"Dr. Morris assures me that he has seen 'schepe' used for 'shepherd' more than once, and so have I; but we have both lost the references"

One great thing about studying Middle English is that it dramatically increases your chances of reading something by Skeat. The man had other names, but, like Tolstoy or Athena, didn't need them. Today I bought his 1923 edition of The Vision of William concerning Piers the Plowman, and -- what? You thought it was just called Piers Plowman? Oh, man, are you ever in trouble.

The title 'Piers Plowman' or, as I prefer to write it, 'Piers the Plowman,' is one which has been frequently misconstrued and misunderstood by many authors, and concerning which many text-books have blundered inextricably. It is most important that the reader should have a clear idea of what it means, and as it is rather a difficult point to explain accurately, I must ask him to give me his best attention; and I cannot refrain from adding the hope that, if he succeeds in mastering the explanation of it, he will abstain from using the phrase in future in the old slovenly way.

That is the first paragraph of the introduction. It takes him only a few sentences to:

  1. Insist crankily on our ignorance;
  2. Accuse us of not paying attention;
  3. Insinuate that we may not understand even if we do pay attention; and
  4. Demand that we stop being such a bunch of slobs.

Via the above Wikipedia link, I learn that two of his works are on Gutenberg.org: A Concise Dictionary of Middle English ("Wlanc, adj. proud, fine, grand, S2; wlonk, S2; wlonke, fine woman, HD.--AS. wlanc (OET)") and English Dialects From the Eighth Century to the Present Day, which is a much better example of the Skeat-man in action:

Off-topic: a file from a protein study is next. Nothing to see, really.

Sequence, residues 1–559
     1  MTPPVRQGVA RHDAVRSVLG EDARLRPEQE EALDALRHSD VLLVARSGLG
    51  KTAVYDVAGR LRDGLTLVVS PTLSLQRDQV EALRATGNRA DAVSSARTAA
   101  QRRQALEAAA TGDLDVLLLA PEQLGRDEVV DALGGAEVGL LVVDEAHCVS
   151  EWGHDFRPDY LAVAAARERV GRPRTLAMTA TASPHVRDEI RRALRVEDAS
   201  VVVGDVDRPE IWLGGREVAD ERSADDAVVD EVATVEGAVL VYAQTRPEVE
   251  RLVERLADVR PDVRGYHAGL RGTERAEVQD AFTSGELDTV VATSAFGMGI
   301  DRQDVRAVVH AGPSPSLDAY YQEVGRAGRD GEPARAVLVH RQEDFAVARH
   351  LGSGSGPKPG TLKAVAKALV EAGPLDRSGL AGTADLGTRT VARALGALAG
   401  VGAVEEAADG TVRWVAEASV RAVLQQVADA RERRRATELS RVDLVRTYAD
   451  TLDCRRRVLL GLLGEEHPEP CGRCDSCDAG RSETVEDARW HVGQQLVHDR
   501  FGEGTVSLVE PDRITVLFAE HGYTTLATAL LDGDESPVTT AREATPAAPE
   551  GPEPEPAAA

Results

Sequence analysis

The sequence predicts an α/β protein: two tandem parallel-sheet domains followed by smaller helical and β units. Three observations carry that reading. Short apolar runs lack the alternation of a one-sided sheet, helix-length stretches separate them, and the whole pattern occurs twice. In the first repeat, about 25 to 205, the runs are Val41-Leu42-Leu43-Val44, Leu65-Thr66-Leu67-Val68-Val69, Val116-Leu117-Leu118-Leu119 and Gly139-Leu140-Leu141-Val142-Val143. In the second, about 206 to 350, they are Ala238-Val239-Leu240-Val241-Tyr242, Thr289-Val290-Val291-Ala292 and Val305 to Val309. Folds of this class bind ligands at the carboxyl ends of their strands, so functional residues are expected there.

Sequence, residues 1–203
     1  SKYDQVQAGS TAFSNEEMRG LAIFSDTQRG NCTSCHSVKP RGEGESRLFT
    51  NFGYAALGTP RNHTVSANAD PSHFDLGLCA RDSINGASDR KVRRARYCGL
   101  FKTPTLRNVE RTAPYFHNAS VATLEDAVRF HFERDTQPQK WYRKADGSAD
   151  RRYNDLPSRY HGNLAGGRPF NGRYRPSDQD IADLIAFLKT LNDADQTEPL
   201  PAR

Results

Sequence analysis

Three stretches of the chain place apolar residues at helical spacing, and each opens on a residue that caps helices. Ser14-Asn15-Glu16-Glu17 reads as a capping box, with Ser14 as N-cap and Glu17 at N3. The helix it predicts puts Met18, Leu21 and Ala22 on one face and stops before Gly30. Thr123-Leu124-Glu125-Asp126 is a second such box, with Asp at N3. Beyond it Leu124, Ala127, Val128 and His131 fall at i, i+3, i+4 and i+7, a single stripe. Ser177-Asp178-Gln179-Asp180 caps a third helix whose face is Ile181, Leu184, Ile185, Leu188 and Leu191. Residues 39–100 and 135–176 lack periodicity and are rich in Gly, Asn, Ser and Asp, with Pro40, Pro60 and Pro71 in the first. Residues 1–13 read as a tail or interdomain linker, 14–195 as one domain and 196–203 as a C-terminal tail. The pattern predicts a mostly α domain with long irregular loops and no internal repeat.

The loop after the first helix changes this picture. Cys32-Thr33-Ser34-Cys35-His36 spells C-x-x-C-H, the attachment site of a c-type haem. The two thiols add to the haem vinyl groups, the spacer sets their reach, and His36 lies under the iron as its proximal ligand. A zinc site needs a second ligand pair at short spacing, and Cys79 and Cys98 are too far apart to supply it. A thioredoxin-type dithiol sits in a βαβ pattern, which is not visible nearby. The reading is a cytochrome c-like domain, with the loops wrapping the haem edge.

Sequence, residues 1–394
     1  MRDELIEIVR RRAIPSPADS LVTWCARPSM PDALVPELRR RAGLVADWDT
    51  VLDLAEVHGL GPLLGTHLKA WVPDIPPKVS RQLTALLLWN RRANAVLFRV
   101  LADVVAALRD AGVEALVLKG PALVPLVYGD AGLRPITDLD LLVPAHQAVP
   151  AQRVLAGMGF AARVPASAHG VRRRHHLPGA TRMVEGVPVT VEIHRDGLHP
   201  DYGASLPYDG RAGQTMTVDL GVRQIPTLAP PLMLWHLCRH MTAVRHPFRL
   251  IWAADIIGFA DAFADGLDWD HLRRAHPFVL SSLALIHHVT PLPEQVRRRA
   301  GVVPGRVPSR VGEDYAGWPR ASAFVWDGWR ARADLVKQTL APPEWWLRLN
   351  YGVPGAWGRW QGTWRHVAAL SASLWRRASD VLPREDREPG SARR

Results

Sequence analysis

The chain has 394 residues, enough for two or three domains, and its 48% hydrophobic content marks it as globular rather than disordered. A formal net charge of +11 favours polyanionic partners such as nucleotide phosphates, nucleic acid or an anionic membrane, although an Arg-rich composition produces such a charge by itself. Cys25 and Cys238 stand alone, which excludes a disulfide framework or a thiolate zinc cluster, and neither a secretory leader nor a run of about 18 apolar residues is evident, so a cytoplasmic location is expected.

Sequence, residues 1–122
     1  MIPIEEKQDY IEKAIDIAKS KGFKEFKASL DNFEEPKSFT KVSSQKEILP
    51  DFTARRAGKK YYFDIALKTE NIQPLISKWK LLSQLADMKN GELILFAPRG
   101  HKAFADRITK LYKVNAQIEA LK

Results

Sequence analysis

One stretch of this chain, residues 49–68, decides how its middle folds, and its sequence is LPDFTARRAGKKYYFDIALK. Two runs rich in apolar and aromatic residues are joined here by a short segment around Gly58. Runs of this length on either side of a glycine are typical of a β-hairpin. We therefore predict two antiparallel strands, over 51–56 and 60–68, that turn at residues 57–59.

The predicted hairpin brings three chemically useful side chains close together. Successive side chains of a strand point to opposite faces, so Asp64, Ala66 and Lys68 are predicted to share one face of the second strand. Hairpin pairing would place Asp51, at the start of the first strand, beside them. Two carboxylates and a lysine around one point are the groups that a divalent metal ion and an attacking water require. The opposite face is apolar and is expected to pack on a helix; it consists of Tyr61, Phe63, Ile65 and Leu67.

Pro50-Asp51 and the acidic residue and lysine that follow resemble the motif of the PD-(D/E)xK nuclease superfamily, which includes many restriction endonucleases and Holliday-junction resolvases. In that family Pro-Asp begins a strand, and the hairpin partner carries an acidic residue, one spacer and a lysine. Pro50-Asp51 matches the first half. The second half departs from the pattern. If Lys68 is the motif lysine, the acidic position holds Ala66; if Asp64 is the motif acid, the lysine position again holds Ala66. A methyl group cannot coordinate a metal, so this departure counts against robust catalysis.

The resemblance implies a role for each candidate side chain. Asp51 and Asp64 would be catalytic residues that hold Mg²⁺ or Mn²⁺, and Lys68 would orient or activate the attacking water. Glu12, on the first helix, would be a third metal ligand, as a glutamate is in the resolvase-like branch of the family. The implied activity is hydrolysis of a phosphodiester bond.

The Ormulum, written in the North-East Midland of Lincolnshire [...] is the first clear example of the form which our literary language was destined to assume. It is an extremely long and dreary poem of about 10,000 long lines, written in a sadly monotonous unrimed metre...

Now that's philology!

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"Unrimed"? Hrm. Quick, Boy Wonder, to Fowler's Modern English Usage!

According to Fowler (or, I suppose, according to his modern editor) "rime" was replaced with "rhyme" in the 17th century as a hypercorrection back toward the Latin rhythmus.

Skeat: more-medieval-English-than-thou-art.


He also uses the spelling "shewn". You know a lesser philologist would go all the way back and use "sce(a)wn", like a lottery winner buying a lime green ferrari. And also they would use it to mean "see". But not Skeat! He was one wlanc-ers cherl.


Hwaet! He is my hero.

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